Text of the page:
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LexDis wins Learning Impact Award

Published: 21 May 2009

An innovative research project based in ECS has won a prestigious award in the world’s annual competition of high impact use of technology to support and enhance learning.

A Learning Impact Award was made to LexDis, a JISC-funded project which is assessing some of the difficulties which arise in e-learning for disabled learners. The award was made last week at Learning Impact 2009, the IMS Global Learning Consortium's annual conference which brings together the world's leading creators, vendors, users, and buyers of learning technology.

LexDis, which is led by Dr Mike Wald and E.A. Draffan at the University of Southampton’s School of Electronics and Computer Science’s Learning Societies Lab, and Dr Jane Seale, from the School of Education, received a Best in Category award and was named Best Assistive Technology Network.

The Learning Impact Awards (LIAs) recognize the use of technology to improve learning across all education segments and in all regions of the world. The finalists were evaluated by an expert panel of judges and the attendees at the IMS annual Learning Impact conference and Summit on Global Learning Challenges, held this year in Barcelona.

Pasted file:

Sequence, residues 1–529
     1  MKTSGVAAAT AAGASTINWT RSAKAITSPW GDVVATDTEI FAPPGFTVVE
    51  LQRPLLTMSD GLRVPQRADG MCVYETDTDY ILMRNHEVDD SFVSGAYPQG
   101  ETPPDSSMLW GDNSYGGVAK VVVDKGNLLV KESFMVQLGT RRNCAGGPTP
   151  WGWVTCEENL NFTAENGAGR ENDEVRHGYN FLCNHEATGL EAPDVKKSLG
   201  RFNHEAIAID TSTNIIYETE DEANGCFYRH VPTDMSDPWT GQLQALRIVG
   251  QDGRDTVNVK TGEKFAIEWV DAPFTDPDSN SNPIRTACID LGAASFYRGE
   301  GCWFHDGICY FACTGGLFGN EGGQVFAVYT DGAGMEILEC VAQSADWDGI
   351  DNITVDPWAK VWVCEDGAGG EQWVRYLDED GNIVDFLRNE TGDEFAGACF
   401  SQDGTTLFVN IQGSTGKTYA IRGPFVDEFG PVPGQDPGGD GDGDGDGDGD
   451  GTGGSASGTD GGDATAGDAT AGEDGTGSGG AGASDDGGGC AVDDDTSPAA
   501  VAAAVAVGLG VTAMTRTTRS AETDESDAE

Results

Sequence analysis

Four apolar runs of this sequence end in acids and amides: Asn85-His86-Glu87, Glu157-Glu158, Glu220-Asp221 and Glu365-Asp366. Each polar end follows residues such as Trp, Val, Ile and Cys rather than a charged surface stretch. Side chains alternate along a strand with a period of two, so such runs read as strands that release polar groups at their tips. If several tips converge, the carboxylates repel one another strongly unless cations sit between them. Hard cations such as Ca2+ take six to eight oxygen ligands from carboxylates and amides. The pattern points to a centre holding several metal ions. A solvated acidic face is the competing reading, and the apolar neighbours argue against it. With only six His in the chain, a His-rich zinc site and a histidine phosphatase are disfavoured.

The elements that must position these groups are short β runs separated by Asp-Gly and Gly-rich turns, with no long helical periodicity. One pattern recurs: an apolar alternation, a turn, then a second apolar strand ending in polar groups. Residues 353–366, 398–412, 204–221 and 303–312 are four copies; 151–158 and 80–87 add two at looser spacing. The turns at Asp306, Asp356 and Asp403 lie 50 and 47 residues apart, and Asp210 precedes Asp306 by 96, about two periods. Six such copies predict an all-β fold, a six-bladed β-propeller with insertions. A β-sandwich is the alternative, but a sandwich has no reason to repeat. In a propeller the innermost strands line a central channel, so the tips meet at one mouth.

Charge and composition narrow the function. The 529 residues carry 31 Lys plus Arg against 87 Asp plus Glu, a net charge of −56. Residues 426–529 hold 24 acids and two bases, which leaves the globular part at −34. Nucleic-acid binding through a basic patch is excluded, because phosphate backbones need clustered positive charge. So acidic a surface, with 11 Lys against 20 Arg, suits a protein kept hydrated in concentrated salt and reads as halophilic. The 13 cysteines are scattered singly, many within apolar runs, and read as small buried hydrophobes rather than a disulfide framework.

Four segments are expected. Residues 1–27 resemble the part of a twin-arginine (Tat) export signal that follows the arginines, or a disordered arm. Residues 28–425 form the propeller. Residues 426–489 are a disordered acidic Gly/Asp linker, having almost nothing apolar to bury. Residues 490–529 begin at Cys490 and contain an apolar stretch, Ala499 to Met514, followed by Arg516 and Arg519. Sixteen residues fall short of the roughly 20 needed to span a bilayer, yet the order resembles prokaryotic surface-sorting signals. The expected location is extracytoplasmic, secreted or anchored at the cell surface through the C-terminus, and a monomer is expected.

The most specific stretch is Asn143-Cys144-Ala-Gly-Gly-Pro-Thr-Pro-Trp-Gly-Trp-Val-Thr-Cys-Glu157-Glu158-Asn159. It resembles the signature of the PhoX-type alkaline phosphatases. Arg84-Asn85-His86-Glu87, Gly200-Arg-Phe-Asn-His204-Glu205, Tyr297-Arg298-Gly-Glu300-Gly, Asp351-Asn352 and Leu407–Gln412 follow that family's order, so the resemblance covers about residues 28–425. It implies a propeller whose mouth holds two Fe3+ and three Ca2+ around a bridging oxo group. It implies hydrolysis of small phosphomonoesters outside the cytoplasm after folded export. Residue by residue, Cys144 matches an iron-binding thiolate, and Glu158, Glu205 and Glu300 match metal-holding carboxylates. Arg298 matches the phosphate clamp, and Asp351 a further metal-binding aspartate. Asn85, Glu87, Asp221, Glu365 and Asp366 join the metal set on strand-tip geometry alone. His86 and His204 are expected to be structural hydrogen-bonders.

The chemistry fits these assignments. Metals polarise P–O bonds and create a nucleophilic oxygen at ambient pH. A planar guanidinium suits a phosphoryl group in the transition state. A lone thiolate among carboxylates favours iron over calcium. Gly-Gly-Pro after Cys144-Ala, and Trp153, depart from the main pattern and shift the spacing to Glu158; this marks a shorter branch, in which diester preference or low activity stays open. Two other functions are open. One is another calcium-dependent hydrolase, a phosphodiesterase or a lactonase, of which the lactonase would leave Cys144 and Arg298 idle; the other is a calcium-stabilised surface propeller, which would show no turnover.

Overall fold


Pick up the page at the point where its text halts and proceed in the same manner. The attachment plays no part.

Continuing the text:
More than 30 students participated in the LexDis project and fed back their strategies for accessing various technologies.

Some of the key recommendations from the project were: • Improve and increase the availability of desktop personalisation so that students can log in with their own colour, font and accessibility options. • Increase the level of provision for online materials. This is vital for those who cannot handle paper based materials easily. • Increase the level of awareness for the use of alternative formats on the basis that even the most basic PDFs and PowerPoints can cause problems if they cannot be read on screen with speech output or accessed via the keyboard. • Design and develop learning opportunities and support systems that recognise the significant factors that influence disabled students’ use of technology – notably time.

‘Time is not on the disabled student’s side and indeed time is a real issue for every student, so there is a genuine need to keep technologies as simple as possible,’ said E.A. ‘We found it really useful that the students who took part in the LexDis project came up with new ideas for working with inaccessible resources and were often very innovative in the way they carried out research.

‘It is very important that we understand the difficulties that students encounter. Some of them, for example, have to take a PDF and change it into an alternative format to be able to annotate it or cope with diagrams. The knowledge that we have gained from these students is available on the website with guides and tips. It will also be used to look more in depth at the accessibility of Web 2.0 technologies.’

For further information contact Joyce Lewis; tel.+44(0)23 8059 5453

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